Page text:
Pest control experts in Britain have claimed that the popularity of cashmere, which is cheaper and more readily available than ever has meant more and more people are experiencing trouble with moths .
Pest control company Rentokil was quoted by Scotsman as saying that the number of calls received to deal with moths has risen by 25 per cent over the last year.
"We're currently receiving a high number of calls about moths. There is a real problem which appears to have been caused by the warmer winter and greater use of central heating. Cashmere has become particularly popular recently and moths love it," a company spokesman said.
However, environmentalists such as Sir David Attenborough say moths are under threat and 53 species have been listed as a priority for conservation.
Naturalists say moths are the recyclers of the natural world, breaking down fur, wool and feathers in the wild. Only two of the 2,500 species in Britain are known to eat clothes.
Here are ten ways to keep your clothes from becoming a moth meal.
Moth Balls: Soaked with a noxious cocktail of chemical insecticide and deodorant, mothballs are the traditional way of dealing with the household moth. Soaked in naphalene they emit a gas poisonous to moths and their larvae.
Freeze your Cashmeres: Keeping your cashmere in the deep freeze may seem extreme but many believe it is the best solution to moths. Moths cannott survive in sub zero temperatures so freezing is a sure fire way to make sure your cardie stays hole free.
Hang your clothes: Dropping your jumpers and cardies on the floor can be a disaster if you want to avoid moths. The little blighters love to lay their eggs in carpets - so leave clothes lying round and they are likely to end up full of holes. Hanging them up is better.
Zip up your Cashmeres: Cashmere shops like Belinda Robertson in Edinburgh sell all their jumper
s and cardigans with special zip-up bags. Stow your special knitwear inside the bags and it is more likely to survive the onslaught of the dastardly moths.
Bog Myrtle:The traditional Highland method for dealing with unwanted beasties was to keep a sprig of bog myrtle in your wardrobe. The fragrant shrub is an excellent natural insect repellent, keeping moths and other insects away.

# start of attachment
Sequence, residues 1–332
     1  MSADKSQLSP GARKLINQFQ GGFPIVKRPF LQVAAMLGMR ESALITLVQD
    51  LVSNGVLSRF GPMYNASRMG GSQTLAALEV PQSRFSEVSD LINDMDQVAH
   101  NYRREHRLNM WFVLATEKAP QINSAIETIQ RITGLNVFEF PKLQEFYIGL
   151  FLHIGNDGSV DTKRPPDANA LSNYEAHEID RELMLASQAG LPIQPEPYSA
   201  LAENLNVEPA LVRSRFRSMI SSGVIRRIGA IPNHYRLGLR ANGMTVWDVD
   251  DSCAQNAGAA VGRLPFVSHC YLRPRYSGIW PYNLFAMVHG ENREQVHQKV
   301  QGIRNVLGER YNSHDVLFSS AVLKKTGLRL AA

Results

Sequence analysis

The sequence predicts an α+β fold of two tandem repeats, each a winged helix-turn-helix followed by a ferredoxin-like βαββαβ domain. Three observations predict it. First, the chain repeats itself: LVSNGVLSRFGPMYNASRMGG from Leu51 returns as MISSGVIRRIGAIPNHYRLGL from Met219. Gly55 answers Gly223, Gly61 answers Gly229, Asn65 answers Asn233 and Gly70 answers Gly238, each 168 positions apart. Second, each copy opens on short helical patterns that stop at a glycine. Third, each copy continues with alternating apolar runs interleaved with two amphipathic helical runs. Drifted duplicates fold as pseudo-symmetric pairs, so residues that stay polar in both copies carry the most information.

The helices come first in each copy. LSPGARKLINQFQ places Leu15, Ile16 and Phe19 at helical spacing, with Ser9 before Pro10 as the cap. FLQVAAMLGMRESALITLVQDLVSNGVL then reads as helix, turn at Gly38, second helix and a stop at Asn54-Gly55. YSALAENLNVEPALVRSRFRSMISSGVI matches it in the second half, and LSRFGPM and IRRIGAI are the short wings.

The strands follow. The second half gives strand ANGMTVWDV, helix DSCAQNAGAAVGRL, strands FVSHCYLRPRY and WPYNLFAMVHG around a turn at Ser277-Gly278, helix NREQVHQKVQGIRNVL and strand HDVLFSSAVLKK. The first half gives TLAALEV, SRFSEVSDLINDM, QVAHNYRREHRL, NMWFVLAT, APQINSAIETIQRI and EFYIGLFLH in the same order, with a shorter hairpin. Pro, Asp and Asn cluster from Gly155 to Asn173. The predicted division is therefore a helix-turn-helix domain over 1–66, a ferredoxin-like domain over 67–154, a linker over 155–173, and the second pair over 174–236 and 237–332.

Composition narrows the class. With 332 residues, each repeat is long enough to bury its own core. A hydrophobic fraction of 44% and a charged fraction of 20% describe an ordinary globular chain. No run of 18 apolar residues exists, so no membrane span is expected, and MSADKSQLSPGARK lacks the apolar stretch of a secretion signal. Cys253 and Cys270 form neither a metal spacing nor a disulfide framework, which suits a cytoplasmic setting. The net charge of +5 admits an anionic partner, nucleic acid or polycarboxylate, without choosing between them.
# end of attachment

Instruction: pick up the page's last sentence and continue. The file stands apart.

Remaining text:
Cedar Wood: Many cashmere shops suggest using cedar blocks or cedar balls to keep the nasty moths away from your precious woollies. Cedar wood has a strong medicinal smelling resin which doesn't fade and which moths can't stand.
Lavender: Using a lavender scented laundry spray or keeping wooden balls soaked in lavender oil at the bottom of your wardrobe could keep moths at bay. Not only does lavender smell rather lovely it is also one of nature's natural insect repellents.
Dry Clean:The chemicals in dry cleaning fluid kill moths and their larvae so regular dry cleaning will help your cashmere last longer. Unfortunately the effects don't last - so once your cardie is back in the wardrobe the moths attack again.
Exterminate:Professional extermination is one way to deal with moths. Pest control officers will spray your bedding, your carpets, your clothes and your wardrobe to get rid of all the live moths, eggs and larvae in one deadly swoop.
Use a napkin:Some ladies who lunch swear moths are attracted to clothes which have food spilt on them. As well as keeping woollens clean you can wear a napkin over your cashmere jumper to make sure it doesn't become extra tasty. Related medicine news :1
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